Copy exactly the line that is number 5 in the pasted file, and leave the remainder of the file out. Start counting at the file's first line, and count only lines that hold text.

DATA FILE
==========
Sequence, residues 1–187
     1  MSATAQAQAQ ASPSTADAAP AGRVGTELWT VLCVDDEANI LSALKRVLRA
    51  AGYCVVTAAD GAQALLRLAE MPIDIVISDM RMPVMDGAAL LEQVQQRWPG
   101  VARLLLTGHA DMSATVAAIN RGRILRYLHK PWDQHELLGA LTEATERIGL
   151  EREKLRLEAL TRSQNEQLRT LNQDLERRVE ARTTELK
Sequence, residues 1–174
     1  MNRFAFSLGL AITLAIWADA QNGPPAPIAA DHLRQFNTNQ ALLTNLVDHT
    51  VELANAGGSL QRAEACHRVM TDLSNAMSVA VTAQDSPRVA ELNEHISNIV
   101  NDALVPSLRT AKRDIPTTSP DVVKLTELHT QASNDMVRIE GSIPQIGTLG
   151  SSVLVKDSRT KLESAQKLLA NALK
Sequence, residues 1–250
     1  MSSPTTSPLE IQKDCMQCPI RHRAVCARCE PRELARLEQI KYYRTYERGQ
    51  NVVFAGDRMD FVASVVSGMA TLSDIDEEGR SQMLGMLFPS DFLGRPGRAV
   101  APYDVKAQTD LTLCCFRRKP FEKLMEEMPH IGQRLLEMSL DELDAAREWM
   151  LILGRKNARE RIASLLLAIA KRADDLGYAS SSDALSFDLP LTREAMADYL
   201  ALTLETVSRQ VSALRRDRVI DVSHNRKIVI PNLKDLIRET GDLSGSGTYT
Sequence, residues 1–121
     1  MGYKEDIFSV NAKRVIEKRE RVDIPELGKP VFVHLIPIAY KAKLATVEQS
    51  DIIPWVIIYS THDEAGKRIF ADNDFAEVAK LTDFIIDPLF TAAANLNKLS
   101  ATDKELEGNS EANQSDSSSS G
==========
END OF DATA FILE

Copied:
   151  EREKLRLEAL TRSQNEQLRT LNQDLERRVE ARTTELK